The federally illegal cannabis industry has long been denied services provided by the Small Business Administration (SBA), but that could change under legislation that U.S. Sen. Jacky Rosen, D-Nev., introduced this week.
The Fair Access for Cannabis Small Business Act, introduced Nov. 17, would ensure state-legal cannabis businesses can access loans and programs provided by the SBA, which currently excludes all small businesses with direct or indirect products or services that aid the use, growth or enhancement of cannabis from accessing its services.
“The unfair barriers to basic federal support and resources have hurt our state’s legally-operating cannabis small businesses,” Rosen said in a public statement. “This legislation will level the playing field so that cannabis small businesses—including those owned by people of color, women, and veterans—have access to the same federal resources and loans that other legal businesses are entitled to.”
Specifically, the bill would ensure that cannabis businesses have access to SBA’s 7(a) loans, disaster loans, microloans, the Small Business Investment Company (SBIC) program, and SBA’s resource partners, which include SCORE, Veterans Business Outreach Centers and Women’s Business Centers.
“For Black and brown communities that have been ravaged by the war on drugs for decades, there is a light at the end of the tunnel as the end of cannabis prohibition comes near,” Khadijah Tribble, CEO of the U.S. Cannabis Council, said in a public statement. “But without access to capital through financing tools like SBA loans, most Black and brown cannabis entrepreneurs won’t get the chance to profit from an industry that was once used to stigmatize them—even in states where the plant has been legalized.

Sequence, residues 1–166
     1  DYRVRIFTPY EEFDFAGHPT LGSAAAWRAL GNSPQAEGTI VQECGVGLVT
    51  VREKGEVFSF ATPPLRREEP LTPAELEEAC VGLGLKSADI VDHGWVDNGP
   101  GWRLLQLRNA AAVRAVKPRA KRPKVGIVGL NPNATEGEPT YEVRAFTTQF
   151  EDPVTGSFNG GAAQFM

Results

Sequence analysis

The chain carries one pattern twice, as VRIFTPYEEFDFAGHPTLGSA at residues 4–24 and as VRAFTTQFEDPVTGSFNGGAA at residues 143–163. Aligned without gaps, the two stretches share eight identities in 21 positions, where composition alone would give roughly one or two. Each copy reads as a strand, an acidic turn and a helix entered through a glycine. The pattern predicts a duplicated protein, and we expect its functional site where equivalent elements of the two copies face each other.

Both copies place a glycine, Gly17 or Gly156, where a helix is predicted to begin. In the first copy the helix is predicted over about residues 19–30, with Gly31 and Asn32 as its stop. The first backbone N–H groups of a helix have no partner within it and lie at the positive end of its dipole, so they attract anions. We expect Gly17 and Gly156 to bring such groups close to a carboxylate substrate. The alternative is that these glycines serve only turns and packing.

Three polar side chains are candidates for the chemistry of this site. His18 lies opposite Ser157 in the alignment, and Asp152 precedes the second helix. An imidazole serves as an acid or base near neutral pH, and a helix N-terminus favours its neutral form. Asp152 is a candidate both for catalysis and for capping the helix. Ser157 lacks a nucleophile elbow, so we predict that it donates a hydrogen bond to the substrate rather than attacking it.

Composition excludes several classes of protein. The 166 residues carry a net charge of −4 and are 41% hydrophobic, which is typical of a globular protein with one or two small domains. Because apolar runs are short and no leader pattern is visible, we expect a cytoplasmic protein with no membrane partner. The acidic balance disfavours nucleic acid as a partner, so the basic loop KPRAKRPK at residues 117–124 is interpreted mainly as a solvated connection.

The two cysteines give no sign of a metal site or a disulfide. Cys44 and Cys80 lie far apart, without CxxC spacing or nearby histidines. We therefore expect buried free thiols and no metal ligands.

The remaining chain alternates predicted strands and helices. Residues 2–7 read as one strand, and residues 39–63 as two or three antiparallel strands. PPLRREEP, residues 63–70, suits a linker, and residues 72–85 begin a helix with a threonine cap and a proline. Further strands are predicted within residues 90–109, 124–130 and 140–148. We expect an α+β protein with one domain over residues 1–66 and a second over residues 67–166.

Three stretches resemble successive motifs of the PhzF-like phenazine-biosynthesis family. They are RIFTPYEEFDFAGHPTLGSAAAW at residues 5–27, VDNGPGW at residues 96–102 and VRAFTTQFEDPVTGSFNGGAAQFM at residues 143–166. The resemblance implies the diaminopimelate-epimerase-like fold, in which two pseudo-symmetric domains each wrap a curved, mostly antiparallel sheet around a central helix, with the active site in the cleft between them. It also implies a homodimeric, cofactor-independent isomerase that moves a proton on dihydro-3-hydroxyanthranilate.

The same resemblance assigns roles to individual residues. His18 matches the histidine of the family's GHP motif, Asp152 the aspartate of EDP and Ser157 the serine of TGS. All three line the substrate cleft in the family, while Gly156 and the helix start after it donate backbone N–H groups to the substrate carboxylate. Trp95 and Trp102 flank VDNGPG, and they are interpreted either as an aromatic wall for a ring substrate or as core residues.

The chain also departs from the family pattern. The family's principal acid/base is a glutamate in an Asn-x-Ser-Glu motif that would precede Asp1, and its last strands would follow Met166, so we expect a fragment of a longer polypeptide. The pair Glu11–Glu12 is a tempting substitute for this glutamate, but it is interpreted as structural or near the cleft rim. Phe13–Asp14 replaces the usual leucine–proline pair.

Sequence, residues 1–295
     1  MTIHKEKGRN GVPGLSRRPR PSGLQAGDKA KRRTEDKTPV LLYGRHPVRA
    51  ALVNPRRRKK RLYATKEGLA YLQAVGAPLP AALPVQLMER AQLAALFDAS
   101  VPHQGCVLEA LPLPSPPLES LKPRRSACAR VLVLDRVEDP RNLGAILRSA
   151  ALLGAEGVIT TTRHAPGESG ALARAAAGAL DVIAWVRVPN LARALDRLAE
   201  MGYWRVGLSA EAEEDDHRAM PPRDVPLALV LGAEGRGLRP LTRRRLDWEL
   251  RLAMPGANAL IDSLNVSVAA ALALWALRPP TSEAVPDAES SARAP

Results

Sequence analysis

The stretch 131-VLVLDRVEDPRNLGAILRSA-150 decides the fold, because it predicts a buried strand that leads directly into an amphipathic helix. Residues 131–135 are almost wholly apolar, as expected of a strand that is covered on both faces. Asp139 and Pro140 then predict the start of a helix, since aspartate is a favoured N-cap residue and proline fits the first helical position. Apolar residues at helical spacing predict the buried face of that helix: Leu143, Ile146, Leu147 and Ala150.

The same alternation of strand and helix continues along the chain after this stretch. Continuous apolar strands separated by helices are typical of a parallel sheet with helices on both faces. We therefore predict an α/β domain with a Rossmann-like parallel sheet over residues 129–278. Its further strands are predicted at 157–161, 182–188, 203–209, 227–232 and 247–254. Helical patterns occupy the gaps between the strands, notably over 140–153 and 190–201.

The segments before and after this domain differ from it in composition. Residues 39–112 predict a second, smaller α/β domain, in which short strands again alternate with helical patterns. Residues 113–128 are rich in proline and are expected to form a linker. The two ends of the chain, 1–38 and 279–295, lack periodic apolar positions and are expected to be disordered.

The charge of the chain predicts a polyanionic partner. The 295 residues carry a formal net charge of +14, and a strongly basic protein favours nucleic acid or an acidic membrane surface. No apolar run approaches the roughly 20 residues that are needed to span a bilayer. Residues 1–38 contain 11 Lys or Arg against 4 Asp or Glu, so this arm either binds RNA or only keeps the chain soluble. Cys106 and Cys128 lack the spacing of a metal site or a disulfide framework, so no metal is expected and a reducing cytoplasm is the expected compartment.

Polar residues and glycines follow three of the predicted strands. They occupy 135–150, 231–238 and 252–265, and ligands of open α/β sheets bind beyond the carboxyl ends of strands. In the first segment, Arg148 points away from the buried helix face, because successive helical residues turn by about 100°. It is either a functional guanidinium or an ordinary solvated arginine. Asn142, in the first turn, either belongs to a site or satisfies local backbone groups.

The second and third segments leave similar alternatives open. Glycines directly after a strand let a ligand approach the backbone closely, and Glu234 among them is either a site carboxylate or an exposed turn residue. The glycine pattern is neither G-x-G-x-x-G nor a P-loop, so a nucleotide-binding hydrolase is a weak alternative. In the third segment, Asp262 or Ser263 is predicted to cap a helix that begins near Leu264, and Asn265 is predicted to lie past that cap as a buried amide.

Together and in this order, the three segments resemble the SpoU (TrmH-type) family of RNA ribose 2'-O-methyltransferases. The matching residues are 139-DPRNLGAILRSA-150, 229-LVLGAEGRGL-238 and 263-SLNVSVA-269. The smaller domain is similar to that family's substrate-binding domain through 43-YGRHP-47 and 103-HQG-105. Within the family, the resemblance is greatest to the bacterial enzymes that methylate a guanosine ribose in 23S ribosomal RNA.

“Sen. Rosen’s landmark legislation would help advance equity and innovation in the cannabis industry by leveling the playing field for independent cannabis operators,” Tribble continued. “If paired with the SAFE Banking Act, The Fair Access for Cannabis Small Businesses Act would create a regulatory framework that would ensure a vibrant startup scene and a diversity of players.”
In March 2020, Rosen joined a coalition of 10 other senators in sending a letter to leadership to ask the SBA to extend economic assistance to the cannabis industry after cannabis operators were excluded from federal COVID-19 relief efforts.
Rosen led her colleagues last year to submit a letter to a Senate Appropriations subcommittee to request that cannabis businesses gain access to SBA loans, and sent another letter earlier this year to again urge Senate Appropriations to prevent the SBA from excluding cannabis businesses from its loan and entrepreneurship programs.